The Ode to Decoy


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Andy and Dave discuss the latest in AI news and research, including: NATO releases its first AI strategy, which included the announcement of a one billion euro “NATO innovation fund.” [0:52] Military research labs in the US and UK collaborate on autonomy and AI in a combined demonstration, integrating algorithms and automated workflows into military operations. [2:58] A report from CSET and MITRE identifies that the Department of Defense already has a number of AI and related experts, but that the current system hides this talent. [6:45] The National AI Research Resource Task Force partners with Stanford’s Human-Centered AI and the Stanford Law School to publish Building a National AI Research Resource: A Blueprint for the National Research Cloud. [6:45] And in a trio of “AI fails,” a traffic camera in the UK mistakes a woman for a car and issues a fine to the vehicle’s owner; [9:10] the Allen Institute for AI introduces Delphi as a step toward developing AI systems that behave ethically (though it sometimes thinks that it’s OK to murder everybody if it creates jobs); [10:07] and a WSJ report reveals that Facebook’s automated moderation tools were falling far short on accurate identification of hate speech and videos of violence and incitement. [12:22] Ahmed Elgammal from Rutgers teams up with Playform to compose two movements for Beethoven’s Tenth Symphony, for which the composer left only sketches before he died. And finally, Andy and Dave welcome Dr. Heather Wolters and Dr. Megan McBride to discuss their latest research on the Psychology of (Dis)Information, with a pair of publications, one providing a primer on key psychological mechanisms, and another examining case studies and their implications.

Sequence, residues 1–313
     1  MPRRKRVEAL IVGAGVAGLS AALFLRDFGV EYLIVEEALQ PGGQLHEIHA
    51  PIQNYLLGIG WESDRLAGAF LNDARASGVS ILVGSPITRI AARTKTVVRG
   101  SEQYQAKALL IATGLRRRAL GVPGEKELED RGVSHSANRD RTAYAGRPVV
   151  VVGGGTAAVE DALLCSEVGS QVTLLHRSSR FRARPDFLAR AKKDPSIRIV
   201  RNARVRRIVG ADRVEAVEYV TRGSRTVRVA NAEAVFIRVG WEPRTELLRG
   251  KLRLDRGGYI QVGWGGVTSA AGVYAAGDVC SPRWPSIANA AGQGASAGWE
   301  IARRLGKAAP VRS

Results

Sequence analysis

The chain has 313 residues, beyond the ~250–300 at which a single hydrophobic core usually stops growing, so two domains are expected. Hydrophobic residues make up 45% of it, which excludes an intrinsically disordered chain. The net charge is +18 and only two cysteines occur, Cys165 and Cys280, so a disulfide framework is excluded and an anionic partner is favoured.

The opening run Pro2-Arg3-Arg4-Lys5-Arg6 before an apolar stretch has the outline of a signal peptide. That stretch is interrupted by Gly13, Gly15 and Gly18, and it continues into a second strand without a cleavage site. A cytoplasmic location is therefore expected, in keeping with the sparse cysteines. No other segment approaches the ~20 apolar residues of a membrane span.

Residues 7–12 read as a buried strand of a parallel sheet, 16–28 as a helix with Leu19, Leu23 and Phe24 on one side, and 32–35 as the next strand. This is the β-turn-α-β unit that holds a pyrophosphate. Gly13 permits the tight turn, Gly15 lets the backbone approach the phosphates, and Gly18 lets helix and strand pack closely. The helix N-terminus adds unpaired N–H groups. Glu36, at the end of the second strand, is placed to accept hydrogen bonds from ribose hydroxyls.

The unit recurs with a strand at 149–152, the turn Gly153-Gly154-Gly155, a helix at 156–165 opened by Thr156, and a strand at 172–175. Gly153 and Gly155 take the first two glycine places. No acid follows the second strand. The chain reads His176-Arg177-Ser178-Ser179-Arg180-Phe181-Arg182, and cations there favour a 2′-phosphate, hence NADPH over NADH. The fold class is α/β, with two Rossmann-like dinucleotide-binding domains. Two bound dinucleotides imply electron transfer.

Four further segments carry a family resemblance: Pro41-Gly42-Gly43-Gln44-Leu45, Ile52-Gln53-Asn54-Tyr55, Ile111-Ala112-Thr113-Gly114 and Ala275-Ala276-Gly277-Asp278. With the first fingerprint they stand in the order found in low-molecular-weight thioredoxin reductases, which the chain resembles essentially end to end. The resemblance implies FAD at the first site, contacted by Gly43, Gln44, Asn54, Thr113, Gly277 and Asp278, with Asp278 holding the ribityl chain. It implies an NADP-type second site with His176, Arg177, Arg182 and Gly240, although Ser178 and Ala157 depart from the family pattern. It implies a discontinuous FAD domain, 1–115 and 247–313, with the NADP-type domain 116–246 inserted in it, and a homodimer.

The Psychology of (Dis)information: A Primer on Key Psychological Mechanisms:

The Psychology of (Dis)information: Case Studies and Implications:

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